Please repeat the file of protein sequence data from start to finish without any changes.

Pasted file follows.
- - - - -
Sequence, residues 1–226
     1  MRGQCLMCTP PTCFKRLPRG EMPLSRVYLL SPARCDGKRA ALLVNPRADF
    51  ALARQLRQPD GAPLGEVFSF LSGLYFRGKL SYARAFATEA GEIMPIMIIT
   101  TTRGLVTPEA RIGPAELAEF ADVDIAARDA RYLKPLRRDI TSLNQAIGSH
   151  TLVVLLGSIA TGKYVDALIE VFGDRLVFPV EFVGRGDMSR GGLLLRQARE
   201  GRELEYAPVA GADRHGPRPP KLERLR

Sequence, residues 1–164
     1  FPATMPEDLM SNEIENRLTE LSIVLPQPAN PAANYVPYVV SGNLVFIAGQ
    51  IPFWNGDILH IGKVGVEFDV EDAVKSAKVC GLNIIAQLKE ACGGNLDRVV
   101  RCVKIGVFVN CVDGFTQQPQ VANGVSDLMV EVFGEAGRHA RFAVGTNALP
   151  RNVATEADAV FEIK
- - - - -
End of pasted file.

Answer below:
Sequence, residues 1–226
     1  MRGQCLMCTP PTCFKRLPRG EMPLSRVYLL SPARCDGKRA ALLVNPRADF
    51  ALARQLRQPD GAPLGEVFSF LSGLYFRGKL SYARAFATEA GEIMPIMIIT
   101  TTRGLVTPEA RIGPAELAEF ADVDIAARDA RYLKPLRRDI TSLNQAIGSH
   151  TLVVLLGSIA TGKYVDALIE VFGDRLVFPV EFVGRGDMSR GGLLLRQARE
   201  GRELEYAPVA GADRHGPRPP KLERLR

Sequence, residues 1–164
     1  FPATMPEDLM SNEIENRLTE LSIVLPQPAN PAANYVPYVV SGNLVFIAGQ
    51  IPFWNGDILH IGKVGVEFDV EDAVKSAKVC GLNIIAQLKE ACGGNLDRVV
   101  RCVKIGVFVN CVDGFTQQPQ VANGVSDLMV EVFGEAGRHA RFAVGTNALP
   151  RNVATEADAV FEIK